Getting Help Fast in Windows XP


Save Time By
Using Windows Help and Support the smart way
Creating shortcuts to Help topics — and sending them to friends
Finding real answers to really vexing questions
Many people get to Windows XP’s Help and Support Center, type a keyword, click a bunch of links, and come away frustrated. In some cases, that’s because the Help and Support Center leaves much to be desired (all those old, inaccurate bits of recycled Windows 98 advice can really get frustrating, eh?). But in many cases, you probably feel frustrated because the Help and Support Center doesn’t work like the rest of Windows. Help and Support has plenty of tools, but they’re hard to find. Besides, when you’re sitting in the Help and Support Center, you want help about something that’s going wrong — not help about Help, if you know what I mean.
Take a few minutes to figure out how to handle Help, and you can use your newfound knowledge to save yourself loads of time. This technique shows you how. Quickly.
The Help and Support Center isn’t the only game in town — particularly when you’re trying to fix something, and you can’t get past the ol’ Microsoft Party Line. Fortunately, some non-Microsoft options are worth turning to. In this technique, I show you some of those, too.

Exploring the Help and Support Center

Think of Windows XP’s Help and Support Center as Internet Explorer, but with all the things that make IE easy to use taken away. That’s how I think of it, anyway.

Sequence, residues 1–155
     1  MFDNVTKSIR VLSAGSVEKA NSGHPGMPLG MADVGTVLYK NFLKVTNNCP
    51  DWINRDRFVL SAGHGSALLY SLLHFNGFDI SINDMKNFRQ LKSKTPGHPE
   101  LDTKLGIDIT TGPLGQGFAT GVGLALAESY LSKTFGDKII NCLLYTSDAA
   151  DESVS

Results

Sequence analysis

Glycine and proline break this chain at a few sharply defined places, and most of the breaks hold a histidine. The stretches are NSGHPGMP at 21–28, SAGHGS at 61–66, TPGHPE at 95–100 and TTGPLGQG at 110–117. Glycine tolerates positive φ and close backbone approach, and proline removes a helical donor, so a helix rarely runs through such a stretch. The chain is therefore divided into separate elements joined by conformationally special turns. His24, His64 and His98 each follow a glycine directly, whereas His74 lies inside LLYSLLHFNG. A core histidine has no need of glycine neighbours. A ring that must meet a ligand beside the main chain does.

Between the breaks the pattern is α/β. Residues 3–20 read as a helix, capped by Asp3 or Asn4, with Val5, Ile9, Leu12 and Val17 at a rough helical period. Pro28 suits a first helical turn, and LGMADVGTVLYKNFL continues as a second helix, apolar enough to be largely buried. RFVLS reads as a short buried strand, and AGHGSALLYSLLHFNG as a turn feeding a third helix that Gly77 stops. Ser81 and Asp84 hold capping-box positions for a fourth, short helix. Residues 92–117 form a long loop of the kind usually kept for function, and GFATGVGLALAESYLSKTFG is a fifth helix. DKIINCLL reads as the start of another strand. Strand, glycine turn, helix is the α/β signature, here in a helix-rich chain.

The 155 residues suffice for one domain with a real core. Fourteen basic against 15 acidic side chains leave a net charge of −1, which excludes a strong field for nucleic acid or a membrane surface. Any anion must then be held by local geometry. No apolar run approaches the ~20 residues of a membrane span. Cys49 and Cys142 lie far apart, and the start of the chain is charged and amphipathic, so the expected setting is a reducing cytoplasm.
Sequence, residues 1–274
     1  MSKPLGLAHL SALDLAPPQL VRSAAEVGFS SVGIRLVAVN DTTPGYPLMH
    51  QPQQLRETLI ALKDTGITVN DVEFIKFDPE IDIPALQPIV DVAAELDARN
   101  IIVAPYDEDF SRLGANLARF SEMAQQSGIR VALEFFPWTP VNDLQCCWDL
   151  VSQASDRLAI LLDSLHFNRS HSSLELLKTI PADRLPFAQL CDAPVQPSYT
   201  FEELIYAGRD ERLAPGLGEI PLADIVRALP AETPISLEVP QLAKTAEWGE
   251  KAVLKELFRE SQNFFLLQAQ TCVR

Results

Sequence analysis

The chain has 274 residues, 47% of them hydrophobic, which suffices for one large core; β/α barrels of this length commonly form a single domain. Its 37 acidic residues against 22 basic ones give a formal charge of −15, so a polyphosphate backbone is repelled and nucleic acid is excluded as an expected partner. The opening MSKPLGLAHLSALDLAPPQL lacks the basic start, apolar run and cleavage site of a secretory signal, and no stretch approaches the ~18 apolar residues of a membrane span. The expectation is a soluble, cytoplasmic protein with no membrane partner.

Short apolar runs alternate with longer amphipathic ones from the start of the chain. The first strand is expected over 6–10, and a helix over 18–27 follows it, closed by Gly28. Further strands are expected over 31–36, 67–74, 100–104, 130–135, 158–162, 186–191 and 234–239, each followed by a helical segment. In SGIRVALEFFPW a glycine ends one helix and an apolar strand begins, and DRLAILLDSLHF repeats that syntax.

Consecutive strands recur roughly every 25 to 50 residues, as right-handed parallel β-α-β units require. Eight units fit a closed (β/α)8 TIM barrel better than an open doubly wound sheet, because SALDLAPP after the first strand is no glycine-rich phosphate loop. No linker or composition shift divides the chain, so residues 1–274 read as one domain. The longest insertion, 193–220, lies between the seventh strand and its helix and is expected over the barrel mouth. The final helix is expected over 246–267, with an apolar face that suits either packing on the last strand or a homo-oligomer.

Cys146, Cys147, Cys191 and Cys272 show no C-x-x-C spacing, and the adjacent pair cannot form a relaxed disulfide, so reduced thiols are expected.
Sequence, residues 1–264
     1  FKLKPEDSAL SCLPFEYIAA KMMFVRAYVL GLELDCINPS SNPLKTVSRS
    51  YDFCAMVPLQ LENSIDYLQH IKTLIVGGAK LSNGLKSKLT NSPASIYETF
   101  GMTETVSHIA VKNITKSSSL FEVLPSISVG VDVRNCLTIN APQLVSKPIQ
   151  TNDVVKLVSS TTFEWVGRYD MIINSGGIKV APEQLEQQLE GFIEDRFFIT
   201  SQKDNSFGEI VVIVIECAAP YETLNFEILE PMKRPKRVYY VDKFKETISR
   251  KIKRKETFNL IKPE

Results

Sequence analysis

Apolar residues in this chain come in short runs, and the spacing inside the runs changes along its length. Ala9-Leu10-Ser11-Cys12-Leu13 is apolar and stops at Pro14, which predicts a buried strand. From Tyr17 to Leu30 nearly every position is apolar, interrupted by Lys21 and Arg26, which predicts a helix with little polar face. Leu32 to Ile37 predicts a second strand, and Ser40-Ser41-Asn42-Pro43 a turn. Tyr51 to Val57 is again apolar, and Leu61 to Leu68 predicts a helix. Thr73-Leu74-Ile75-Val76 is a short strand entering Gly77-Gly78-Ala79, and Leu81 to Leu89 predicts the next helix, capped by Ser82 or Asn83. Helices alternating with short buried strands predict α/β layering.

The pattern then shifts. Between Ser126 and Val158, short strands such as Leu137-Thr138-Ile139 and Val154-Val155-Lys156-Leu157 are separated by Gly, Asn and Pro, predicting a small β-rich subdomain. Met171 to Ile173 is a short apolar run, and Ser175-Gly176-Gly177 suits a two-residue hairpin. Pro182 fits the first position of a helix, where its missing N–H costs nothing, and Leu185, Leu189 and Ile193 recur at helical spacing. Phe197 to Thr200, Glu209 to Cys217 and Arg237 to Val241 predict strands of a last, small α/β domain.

Searching for Help rarely goes as easily as you might think. The other day I wanted to find out how to use Windows XP’s multimedia editing capabilities to combine two movie clips. Here’s how my search for Help went:
1 Choose Start Help and Support Center.
The Help and Support Center main window appears, as shown in Figure 62-1. Your main page may look a little different because some hardware manufacturers jimmy the main Help page to add references to their own sites.
HSC's main window.
• Figure 62-1: HSC’s main window.
2. Type your search topic in the Search box and press Enter.
In this example, I typed combine movie clips and pressed Enter.
Help searches the list of predefined keywords in its Help articles to come up with the links under Suggested Topics.
Then it searches all the text in all its Help articles to arrive at the entries under Full-Text Search Matches.
Finally, it reaches out to the Knowledge Base to return the articles mentioned under Microsoft Knowledge Base.
If Help doesn’t find anything (and it didn’t for my movie clip search), it tells you it found 0 search results.
If you want to save time using the search options, I suggest that you use the Suggested Topics search. This search option works very quickly because Help only has to scan its index (on the other hand, you also can just as